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Unformatted text preview: ork. The organizational structure was flattened Learning Objectives Checklist
1. Values are broad preferences for particular states of
affairs. Values tend to differ across occupational
groups and across cultures. Critical cross-cultural
dimensions of values include power distance, uncertainty avoidance, masculinity/femininity, individualism/collectivism, and time orientation. Differences
in values across cultures set constraints on the
export and import of organizational behaviour theories and management practices. They also have
implications for satisfying global customers and
developing globally aware employees. from seven levels to four, and a new team environment was created. One of the team manager’s functions was to put some “fun” into the
workplace through activities and prizes. Team
bonding was also encouraged through social
events. Second, efforts were made to make the
call centre jobs more mentally challenging. The
old functional separation between sales and service was eliminated, and new multi-skilled customer adviser positions were created. A
suggestion scheme called “Bright Ideas,” which
rewards good ideas with a chance for prizes, was
created to encourage staff to think up ways of
improving service. Third, perceptions of distributive and procedural fairness were enhanced
through a new, more generous, pay system.
Finally, RAC focused on the attitudes of its
workers through recruiting and training. The
goal was to have a more reliable, committed,
and skilled workforce. What were the results?
Performance indicators at RAC’s Bristol call
centre improved immediately in terms of calls
per hour and customer satisfaction. Turnover,
which had averaged between 27 and 35 percent
over the three years prior to the changes, fell to
8 percent in 1997 and 2 percent in 1998, while
absenteeism decreased by 5 percent from 1997
to 1998. Job satisfaction also rose after the
changes were implemented, and reported levels
of satisfaction remained high four years after the
changes. 2. Attitudes are a function of what we think about the
world (our beliefs) and how we feel about the world
(our values). Attitudes are important because they
influence how we behave, although we have discussed several factors that reduce the correspondence between our attitudes and behaviours. While
one approach to changing attitudes recommends
trying to alter an individual’s attitudes directly, dissonance theory suggests that attitudes can be
changed by getting people to enact desired behaviours that are incompatible with their attitudes.
3. Job satisfaction is an especially important attitude
for organizations. Satisfaction is a function of the 128 Individual Behaviour discrepancy between what individuals want from
their jobs and what they perceive that they obtain,
taking into account distributive and procedural fairness. Dispositional factors, moods, and emotions
also influence job satisfaction. Factors such as challenging work, adequate compensation, career
opportunities, and friendly, helpful co-workers contribute to job satisfaction.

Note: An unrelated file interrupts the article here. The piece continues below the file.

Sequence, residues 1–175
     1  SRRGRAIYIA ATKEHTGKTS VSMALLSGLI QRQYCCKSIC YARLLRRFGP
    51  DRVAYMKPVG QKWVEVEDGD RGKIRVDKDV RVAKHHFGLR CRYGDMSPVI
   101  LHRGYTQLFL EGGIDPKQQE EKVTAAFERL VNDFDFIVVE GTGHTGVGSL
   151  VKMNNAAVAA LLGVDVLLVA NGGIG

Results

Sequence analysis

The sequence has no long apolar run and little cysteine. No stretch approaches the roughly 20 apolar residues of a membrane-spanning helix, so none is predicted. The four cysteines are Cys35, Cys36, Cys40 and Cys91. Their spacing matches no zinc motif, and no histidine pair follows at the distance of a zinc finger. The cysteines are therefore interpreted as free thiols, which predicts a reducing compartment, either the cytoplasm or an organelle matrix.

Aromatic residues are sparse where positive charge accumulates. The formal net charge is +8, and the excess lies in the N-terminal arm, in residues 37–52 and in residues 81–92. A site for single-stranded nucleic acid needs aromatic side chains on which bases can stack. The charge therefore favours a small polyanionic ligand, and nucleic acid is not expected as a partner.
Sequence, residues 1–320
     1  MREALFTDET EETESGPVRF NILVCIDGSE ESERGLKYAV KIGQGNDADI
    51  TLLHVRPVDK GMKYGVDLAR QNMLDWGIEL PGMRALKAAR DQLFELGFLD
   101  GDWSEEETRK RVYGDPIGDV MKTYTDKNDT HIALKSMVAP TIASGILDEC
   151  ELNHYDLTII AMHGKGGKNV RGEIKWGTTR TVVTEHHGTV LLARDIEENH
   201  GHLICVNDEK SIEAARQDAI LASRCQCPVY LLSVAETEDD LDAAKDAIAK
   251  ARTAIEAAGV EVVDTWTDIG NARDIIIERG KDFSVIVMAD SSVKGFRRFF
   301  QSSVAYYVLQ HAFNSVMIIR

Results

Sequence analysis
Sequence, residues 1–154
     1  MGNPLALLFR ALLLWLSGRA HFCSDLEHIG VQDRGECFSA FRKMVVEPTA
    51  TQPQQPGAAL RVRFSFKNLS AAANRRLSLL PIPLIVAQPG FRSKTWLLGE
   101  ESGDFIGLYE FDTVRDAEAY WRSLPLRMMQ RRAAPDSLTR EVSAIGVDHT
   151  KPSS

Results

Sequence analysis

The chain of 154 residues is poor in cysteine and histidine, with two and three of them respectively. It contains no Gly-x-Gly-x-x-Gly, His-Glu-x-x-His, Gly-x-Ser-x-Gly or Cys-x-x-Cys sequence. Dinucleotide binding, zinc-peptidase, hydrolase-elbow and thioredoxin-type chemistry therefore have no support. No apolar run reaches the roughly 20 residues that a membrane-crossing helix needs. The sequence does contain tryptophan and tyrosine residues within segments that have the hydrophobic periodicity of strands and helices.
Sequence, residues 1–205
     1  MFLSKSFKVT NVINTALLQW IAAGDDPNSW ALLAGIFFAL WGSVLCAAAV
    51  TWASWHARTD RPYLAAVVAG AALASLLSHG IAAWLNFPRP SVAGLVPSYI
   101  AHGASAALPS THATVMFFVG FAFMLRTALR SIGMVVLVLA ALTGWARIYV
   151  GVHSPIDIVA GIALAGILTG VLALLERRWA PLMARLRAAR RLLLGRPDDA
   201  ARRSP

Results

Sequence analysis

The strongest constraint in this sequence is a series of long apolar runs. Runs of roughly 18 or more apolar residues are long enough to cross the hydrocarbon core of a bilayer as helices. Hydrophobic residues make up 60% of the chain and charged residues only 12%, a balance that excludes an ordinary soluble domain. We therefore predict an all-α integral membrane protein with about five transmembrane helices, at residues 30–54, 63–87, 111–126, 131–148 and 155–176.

4. Job satisfaction is important because it promotes
several positive outcomes for organizations.
Satisfied employees tend to be less absent and less
likely to leave their jobs. While links between satisfaction and performance are not always strong, satisfaction with the work itself has been linked to
better performance. Satisfaction linked to perceptions of fairness can also lead to citizenship behaviors on the part of employees. Satisfied workers may
also enhance customer satisfaction.
5. Organizational commitment is an attitude that
reflects the strength of the linkage between an
employee and an organization. Affective commitment is based on a person’s identification with an
organization. Continuance commitment is based on
the costs of leaving an organization. Normative
commitment is based on ideology or feelings of
obligation. Changes in the workplace can change the
nature and focus of employee commitment as well as
employer–employee relationships. To foster commitment, organizations need to be sensitive to the
expectations of employees and consider the impact
of policy decisions beyond economic issues. Discussion Questions
1. What are some of the conditions under which a
person’s attitudes might not predict his or her work
2. Many organizations use diversity training to promote favourable attitudes among employees who
differ in gender, age, race, ethnicity, or sexual orientation. Given our discussion of attitude change,
what factors would improve the success of such
efforts? Could behaviour change foster attitude
3. Explain how these people might have to regulate
their emotions when doing their jobs: hair salon
owner; bill collector; police officer; teacher. How
will this regulation of emotion affect job satisfaction?
4. Using the model of the turnover process in Exhibit
4.7, explain why a very dissatisfied employee might
not quit his or her job. Explain why employees Part Two
who are very satisfied with their jobs might not be
better performers than those w...
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This note was uploaded on 10/01/2010 for the course FGT mba12ehtp taught by Professor Angwi during the Spring '10 term at Télécom Paris.
- Spring '10